- While the fundamental innovation of using ultra-safe molten fuel in simple fuel assemblies is the key factor behind the advantages of the Stable Salt Reactor, a number of other substantial innovations have been built into the design.
Moltex Energy videos: Stephen Tindale, Director or Weinberg Next Nuclear, interviewing Ian Scott, Co-Founder of Moltex Energy.
- How the stable salt reactor design came about
- The safety benefits of a Molten Salt fuel
- The cost benefits of a simpler design
Ian Scott LinkedIn
- Managing Partner at Moltex Energy LLP, Coventry, United Kingdom | Research
- Previous Synergy Biosystems, Unilever
- Education University of Cambridge
- In 2013 he filed patents on this invention and formed Moltex Energy LLP with John Durham, a well known environmental philanthropist, to develop the reactor concept. The design has now been extensively validated and a first level engineering design with associated costings has been completed by Atkins Ltd which has confirmed that the concept allows capital costs to be radically reduced compared to conventional nuclear reactors. The rights to the intellectual property will be offered for licensing during 2015 in the UK and globally.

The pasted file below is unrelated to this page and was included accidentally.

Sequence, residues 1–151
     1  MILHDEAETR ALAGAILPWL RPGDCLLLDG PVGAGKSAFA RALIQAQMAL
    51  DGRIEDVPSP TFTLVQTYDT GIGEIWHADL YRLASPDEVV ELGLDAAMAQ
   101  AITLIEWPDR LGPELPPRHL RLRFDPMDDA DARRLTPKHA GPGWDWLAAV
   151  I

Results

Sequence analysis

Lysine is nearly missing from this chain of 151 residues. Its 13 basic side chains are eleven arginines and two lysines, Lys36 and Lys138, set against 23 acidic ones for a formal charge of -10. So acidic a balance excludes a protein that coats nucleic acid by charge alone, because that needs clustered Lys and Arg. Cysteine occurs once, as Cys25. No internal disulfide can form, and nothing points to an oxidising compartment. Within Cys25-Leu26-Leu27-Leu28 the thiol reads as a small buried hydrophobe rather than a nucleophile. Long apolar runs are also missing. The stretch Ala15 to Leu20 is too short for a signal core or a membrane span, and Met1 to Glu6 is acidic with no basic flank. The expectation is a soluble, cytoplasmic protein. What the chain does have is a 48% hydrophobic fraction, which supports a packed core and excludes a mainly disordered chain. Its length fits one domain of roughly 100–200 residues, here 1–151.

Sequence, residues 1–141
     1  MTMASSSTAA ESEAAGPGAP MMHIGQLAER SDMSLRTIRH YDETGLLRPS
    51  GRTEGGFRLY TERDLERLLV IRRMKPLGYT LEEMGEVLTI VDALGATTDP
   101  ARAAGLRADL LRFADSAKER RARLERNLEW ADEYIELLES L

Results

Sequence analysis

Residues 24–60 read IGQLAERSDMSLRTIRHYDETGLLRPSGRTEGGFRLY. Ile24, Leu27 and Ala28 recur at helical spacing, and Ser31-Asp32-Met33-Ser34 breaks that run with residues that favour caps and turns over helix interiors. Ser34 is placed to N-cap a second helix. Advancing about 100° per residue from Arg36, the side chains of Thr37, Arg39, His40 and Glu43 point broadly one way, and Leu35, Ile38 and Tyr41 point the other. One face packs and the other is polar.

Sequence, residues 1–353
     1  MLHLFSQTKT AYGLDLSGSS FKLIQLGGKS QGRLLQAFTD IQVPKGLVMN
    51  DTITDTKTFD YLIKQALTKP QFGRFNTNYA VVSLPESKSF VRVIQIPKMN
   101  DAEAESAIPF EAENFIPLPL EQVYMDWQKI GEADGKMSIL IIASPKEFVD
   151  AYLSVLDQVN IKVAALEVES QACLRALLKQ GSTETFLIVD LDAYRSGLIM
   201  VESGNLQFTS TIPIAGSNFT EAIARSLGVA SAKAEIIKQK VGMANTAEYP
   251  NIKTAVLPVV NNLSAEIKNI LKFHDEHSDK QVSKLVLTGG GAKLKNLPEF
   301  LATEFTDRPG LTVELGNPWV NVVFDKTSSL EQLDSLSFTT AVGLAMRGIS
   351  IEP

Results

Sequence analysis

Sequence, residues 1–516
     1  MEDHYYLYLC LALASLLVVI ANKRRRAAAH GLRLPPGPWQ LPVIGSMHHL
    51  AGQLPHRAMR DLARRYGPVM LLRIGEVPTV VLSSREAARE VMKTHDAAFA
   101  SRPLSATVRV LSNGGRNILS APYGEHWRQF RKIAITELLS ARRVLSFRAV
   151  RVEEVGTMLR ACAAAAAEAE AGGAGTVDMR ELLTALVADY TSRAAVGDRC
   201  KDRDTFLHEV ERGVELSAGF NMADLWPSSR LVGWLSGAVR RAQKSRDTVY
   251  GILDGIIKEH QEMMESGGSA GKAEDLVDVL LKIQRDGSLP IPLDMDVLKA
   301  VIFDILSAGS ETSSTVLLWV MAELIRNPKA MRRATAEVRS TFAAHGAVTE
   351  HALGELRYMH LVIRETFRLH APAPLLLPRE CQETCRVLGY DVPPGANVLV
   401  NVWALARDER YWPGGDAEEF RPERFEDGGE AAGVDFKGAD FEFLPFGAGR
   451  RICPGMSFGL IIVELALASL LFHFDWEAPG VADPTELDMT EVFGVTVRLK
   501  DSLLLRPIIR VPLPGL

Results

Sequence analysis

UK Stable Molten Salt Reactor Design Next Big Future; 22 Sep 2016
How New Nuclear Could Lift Renewables at a Third of Hinkley Cost Jessica Shankleman; Bloomberg; 31 Aug 2016
Estonia to study siting of Moltex advanced reactor World Nuclear News; 22 Mar 2019
- Fermi Energia of Estonia has selected Moltex Energy as its preferred technology for its plans to establish carbon-free energy production in the Baltic region. Moltex Energy said yesterday that the two companies had signed a Memorandum of Understanding which expresses their intention to work together, including a feasibility study for the siting of a Moltex advanced reactor and the development of a suitable licensing regime.
- UK-based Moltex Energy announced in July last year that it will build a demonstration SSR-W (Stable Salt Reactor - Wasteburner) at the Point Lepreau nuclear power plant site in Canada under an agreement signed with the New Brunswick Energy Solutions Corporation and NB Power.